Concern over the loss of sea ice has renewed discussions over the legal status of the Arctic and subarctic transcontinental maritime route connecting the Atlantic and Pacific Oceans, referred to as the "Northwest Passage." Over the past thirty years, Canada has maintained that the waters of the Passage are some combination of internal waters or territorial seas. Applying the rules of international law, as reflected in the 1982 United Nations Law of the Sea Convention, suggests that the Passage is a strait used for international navigation. Expressing concerns over maritime safety and security, recognition of northern sovereignty, and protection of the fragile Arctic environment, Ottawa has sought to exercise greater authority over the Passage. This Article suggests that Canada can best achieve widespread global support for managing its maritime Arctic by acknowledging that the Passage constitutes an international strait and working through the International Maritime Organization to develop a comprehensive package of internationally accepted regulations.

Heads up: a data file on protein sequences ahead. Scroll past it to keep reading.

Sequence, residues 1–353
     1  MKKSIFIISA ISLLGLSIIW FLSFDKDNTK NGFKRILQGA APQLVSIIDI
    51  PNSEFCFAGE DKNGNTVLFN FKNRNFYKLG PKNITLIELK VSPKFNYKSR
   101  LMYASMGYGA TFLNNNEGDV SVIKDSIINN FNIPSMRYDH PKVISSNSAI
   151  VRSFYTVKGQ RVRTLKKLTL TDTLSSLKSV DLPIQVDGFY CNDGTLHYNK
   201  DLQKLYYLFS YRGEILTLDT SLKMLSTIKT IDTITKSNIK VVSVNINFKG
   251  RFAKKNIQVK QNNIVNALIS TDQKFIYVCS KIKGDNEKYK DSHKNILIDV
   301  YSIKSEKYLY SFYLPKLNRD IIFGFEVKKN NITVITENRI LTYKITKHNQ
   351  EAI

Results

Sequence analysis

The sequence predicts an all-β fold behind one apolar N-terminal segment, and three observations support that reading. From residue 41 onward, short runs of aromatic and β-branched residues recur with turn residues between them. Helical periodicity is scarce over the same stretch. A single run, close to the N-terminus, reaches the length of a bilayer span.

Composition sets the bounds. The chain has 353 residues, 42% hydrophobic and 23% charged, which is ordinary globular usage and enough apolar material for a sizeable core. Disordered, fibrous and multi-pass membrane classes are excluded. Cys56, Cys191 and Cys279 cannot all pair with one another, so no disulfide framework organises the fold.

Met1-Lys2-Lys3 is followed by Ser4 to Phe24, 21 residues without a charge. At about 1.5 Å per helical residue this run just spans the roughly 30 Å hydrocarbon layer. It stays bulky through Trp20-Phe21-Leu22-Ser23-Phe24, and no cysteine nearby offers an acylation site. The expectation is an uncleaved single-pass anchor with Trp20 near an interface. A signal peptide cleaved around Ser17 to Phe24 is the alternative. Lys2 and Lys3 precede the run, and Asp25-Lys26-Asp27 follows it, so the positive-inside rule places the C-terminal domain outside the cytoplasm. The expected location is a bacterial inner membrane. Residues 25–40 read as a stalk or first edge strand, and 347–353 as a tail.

International Security and International Law in the Northwest Passage,
42 Vanderbilt Law Review
Available at: https://scholarship.law.vanderbilt.edu/vjtl/vol42/iss4/4